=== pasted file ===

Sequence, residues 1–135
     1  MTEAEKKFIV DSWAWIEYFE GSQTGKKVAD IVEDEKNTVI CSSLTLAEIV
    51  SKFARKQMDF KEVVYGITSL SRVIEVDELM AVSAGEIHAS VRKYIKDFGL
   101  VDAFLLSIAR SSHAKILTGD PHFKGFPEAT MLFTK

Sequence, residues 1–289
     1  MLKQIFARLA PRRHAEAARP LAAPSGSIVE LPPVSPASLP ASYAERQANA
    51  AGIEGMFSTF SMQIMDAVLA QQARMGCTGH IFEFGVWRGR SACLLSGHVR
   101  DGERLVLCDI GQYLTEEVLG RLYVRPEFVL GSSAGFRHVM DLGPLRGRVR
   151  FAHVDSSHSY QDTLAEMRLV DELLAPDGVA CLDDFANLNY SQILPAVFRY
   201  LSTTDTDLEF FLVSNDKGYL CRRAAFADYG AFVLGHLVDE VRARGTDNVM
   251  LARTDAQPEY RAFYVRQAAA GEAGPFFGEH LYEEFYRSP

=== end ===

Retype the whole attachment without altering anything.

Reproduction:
Sequence, residues 1–135
     1  MTEAEKKFIV DSWAWIEYFE GSQTGKKVAD IVEDEKNTVI CSSLTLAEIV
    51  SKFARKQMDF KEVVYGITSL SRVIEVDELM AVSAGEIHAS VRKYIKDFGL
   101  VDAFLLSIAR SSHAKILTGD PHFKGFPEAT MLFTK

Sequence, residues 1–289
     1  MLKQIFARLA PRRHAEAARP LAAPSGSIVE LPPVSPASLP ASYAERQANA
    51  AGIEGMFSTF SMQIMDAVLA QQARMGCTGH IFEFGVWRGR SACLLSGHVR
   101  DGERLVLCDI GQYLTEEVLG RLYVRPEFVL GSSAGFRHVM DLGPLRGRVR
   151  FAHVDSSHSY QDTLAEMRLV DELLAPDGVA CLDDFANLNY SQILPAVFRY
   201  LSTTDTDLEF FLVSNDKGYL CRRAAFADYG AFVLGHLVDE VRARGTDNVM
   251  LARTDAQPEY RAFYVRQAAA GEAGPFFGEH LYEEFYRSP